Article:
Digitization is the only way forward for the banking sector and most UAE banks are investing heavily to automate most of its services in line with the international trend to ensure sustainable growth, experts say.
Bankers, technology experts and analysts dispel the impression that automation and exposure to the latest technologies will eliminate jobs, and said that digitization is not cannibalizing human jobs - it is only evolving into more efficient roles as more consumers prefer to use digital channels.
"While digitization will automate a lot of banking tasks and processes, it will never eliminate the human interaction as it is still of paramount importance for empathic customer service in any service related industry. We will also witness blockchain going more mainstream in banking which will be used and integrated with other existing technologies," Vijay Jaswal, chief technology officer for Middle East and Turkey at Software AG, told Khaleej Times.
A recent study conducted by Deloitte found that 86 per cent of consumers use branches or ATMs to access their primary bank, while 84 per cent use online banking and 72 per cent use mobile apps to access it. It highlighted that digital channels are used more frequently than branches and ATMs across all generations, and in all countries.
"Consumers are more likely to increase use of digital channels - both online and mobile - if banks increase security, provide more real-time problem resolution, and allow for more regular banking transactions to be handled digitally," according to the Deloitte study on accelerating digital transformation in banking.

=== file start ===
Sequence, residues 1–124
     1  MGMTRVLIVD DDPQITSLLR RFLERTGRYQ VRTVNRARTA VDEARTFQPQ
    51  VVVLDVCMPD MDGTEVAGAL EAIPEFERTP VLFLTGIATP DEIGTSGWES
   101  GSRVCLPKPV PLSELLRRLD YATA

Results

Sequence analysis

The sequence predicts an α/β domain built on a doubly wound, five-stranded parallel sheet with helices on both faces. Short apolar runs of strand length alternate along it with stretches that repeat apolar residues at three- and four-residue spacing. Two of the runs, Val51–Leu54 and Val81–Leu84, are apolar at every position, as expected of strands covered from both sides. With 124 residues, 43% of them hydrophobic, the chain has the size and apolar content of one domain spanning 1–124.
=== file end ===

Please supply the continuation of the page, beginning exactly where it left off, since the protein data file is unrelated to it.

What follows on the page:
Banks investing in tech
Suvo Sarkar, senior executive vice-president and group head of retail banking and wealth management at Emirates NBD, said the bank is investing Dh1 billion to carry out a transformation of its major technology platforms and applications including carrying out robotic process automation of its operations to enable straight-through processing and shorter turnaround times.
"The bank is also investing behind blockchain, launching last year a QR code-based service to strengthen cheque authentication as well as partnering with Smart Dubai and the Dubai Department of Finance to create a payment reconciliation system," he said.
Jameel Khan, head of strategy and governance at Mashreq, said the bank will be investing over Dh400 million in its retail banking transformation programme in the next few years.
"We constantly look at the overall customer experience and match the best technological solution to the underlying customer need. That might see us using blockchain in the customer on boarding process or AI to automate cheque processing," he said.
To a question about cyber-security, he said it is a major challenge in the digital age and understandably remains a concern for all banks, businesses and governments.
"We are constantly working to educate customers on how to keep their data safe and to maintain our own multiple lines of defence against attack. In addition, we look to embed technology and processes across our business to proactively deter, detect and resist cyber-threats."